54 RI Bar J., No. 1, Pg. 15 (July/August 2005). Killing Justice: The Judiciary Under Siege.

AuthorHon. Frank J. Williams

Rhode Island Bar Journal

Volume 54.

54 RI Bar J., No. 1, Pg. 15 (July/August 2005).

Killing Justice: The Judiciary Under Siege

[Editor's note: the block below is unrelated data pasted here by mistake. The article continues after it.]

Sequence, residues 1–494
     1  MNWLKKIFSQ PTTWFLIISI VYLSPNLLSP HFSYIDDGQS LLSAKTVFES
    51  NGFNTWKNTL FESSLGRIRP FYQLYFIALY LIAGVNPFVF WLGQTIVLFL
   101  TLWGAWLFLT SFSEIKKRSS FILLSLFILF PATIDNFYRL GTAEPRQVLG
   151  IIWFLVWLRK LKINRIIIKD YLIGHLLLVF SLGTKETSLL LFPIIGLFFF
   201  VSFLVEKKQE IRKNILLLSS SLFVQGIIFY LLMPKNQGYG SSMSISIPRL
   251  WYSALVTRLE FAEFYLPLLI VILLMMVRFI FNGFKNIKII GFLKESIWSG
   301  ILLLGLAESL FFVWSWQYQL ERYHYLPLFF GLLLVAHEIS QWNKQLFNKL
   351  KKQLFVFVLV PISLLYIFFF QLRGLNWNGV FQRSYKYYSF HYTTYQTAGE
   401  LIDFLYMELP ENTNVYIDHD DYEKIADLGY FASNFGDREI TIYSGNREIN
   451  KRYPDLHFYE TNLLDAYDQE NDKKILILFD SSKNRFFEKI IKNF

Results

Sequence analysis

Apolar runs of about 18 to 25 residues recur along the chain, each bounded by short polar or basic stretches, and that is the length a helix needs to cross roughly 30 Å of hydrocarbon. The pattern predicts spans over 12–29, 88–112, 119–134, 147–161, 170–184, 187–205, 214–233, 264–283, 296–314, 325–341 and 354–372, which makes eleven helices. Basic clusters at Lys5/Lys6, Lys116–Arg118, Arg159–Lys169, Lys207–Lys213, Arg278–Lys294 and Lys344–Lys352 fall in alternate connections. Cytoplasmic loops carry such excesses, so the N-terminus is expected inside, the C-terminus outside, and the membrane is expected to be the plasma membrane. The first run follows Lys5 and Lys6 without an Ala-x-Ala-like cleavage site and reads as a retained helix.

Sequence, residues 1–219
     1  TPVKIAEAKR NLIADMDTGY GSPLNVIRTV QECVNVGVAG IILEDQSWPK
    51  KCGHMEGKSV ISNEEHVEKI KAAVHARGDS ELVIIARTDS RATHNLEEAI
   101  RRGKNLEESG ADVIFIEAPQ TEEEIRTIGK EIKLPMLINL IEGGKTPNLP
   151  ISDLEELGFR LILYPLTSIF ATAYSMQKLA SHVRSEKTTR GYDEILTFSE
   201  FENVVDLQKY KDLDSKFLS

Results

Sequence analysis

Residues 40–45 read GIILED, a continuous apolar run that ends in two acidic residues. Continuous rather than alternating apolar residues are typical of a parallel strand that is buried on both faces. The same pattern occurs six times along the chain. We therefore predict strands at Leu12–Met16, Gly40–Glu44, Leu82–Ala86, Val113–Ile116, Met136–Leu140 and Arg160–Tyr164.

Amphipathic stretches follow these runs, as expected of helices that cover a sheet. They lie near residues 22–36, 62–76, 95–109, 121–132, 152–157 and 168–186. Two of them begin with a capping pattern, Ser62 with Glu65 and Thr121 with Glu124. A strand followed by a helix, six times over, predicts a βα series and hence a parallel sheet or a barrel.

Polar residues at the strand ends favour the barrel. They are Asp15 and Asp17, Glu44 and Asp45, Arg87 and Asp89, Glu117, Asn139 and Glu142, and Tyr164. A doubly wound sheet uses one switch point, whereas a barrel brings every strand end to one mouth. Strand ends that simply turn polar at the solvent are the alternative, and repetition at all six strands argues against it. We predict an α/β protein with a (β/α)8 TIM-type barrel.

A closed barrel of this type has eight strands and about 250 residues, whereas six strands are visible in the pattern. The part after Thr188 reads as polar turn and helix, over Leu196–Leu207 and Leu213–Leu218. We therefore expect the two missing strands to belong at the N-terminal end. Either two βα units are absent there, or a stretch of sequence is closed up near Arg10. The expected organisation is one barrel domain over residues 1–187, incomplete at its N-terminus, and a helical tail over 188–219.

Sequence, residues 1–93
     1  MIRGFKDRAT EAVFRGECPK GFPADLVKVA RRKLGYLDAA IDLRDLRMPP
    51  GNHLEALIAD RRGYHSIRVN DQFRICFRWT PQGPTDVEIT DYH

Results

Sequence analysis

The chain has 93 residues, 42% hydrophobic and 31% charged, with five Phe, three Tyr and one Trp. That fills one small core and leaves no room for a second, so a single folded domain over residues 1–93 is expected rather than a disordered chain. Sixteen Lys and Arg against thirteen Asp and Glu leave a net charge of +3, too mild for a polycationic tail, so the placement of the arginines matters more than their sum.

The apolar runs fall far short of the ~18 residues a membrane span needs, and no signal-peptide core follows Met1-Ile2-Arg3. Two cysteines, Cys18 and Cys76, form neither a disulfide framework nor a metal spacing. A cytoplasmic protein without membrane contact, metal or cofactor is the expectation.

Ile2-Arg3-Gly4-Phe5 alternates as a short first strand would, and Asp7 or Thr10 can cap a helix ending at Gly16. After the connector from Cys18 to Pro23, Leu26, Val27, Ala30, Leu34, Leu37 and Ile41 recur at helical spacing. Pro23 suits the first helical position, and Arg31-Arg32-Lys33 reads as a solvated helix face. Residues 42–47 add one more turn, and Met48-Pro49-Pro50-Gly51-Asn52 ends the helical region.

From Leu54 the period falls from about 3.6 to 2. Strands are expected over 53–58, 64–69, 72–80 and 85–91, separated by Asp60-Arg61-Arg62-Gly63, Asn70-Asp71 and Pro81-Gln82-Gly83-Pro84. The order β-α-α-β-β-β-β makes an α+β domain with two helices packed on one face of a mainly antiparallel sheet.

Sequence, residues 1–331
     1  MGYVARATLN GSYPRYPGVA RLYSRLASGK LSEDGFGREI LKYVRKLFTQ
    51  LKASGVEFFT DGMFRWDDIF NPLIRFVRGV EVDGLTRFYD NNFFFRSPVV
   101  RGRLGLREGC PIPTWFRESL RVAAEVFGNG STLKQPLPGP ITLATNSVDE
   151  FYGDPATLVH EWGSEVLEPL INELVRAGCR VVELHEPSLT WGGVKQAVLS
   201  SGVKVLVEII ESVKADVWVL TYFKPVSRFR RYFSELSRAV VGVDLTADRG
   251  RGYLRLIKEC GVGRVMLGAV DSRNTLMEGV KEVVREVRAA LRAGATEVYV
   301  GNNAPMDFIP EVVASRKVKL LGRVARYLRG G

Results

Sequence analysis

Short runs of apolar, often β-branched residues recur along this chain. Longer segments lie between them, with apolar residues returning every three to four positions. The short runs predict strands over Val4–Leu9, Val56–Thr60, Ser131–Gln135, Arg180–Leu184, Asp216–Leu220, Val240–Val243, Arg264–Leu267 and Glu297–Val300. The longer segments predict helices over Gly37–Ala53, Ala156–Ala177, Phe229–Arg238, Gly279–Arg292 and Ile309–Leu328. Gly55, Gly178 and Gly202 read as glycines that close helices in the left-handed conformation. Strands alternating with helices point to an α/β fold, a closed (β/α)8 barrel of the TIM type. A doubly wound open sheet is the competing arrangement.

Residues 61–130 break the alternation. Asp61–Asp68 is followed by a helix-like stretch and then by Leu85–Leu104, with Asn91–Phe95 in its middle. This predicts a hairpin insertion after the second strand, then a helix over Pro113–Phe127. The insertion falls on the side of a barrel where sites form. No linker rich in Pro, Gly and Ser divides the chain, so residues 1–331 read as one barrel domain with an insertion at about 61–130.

July/August 2005pg. 15Killing Justice: The Judiciary Under SiegeHon. Frank J. WilliamsChief Justice of the Rhode Island Supreme Court2005 Rhode Island Bar Association Annual Meeting Address.The judicial branch is a citadel of justice. A partnership of lawyers and judges, the Judiciary continues to build a commanding legacy of equality and individual freedom. But today, it seems the judiciary is under threat - subject to an unrelenting barrage of verbal assaults, economic restraint, political stress and even physical attacks.The physical violence waged against members of the judiciary is the most glaring example of the national crisis at hand. Even in Rhode Island, we are not insulated from physical threats - it takes only one envelope with a trace of white powder to remind us of our vulnerability.For us, these physical threats are just one element, one horrifying element, of the challenges facing the judicial system and threatening judicial independence. Political pressure and agenda-driven criticism also fray the fabric of judicial independence.Without a doubt, public dialogue is healthy for all aspects of our government, including our judiciary. But, I am concerned that recently the debate about judicial issues has become personal. And the current trend is especially worrisome because the sentiments are being voiced not just by a powerless fringe, but by those in positions of power. And this has to stop.When judges and attorneys are publicly belittled, the once bright line between heated, respectful debate and mean-spirited, agenda-laden accusations is eroded. Attempts to vilify the judiciary have become so pervasive that there is no public outrage when attorneys are accused of cowardice or when judges are referred to as "black robed tyrants" over the airwaves.And, when you attempt to set the record straight, you are often ignored in favor of the more flamboyant quotes. You never saw the letter by Rhode Island Bar Association President Jametta O. Alston defending the integrity of the judicial system. Attorney John Tarantino's excellent commentary to the Providence Journal was published, but not without a gratuitous and inaccurate postscript added by the editors questioning Mr. Tarantino's honesty and mine...

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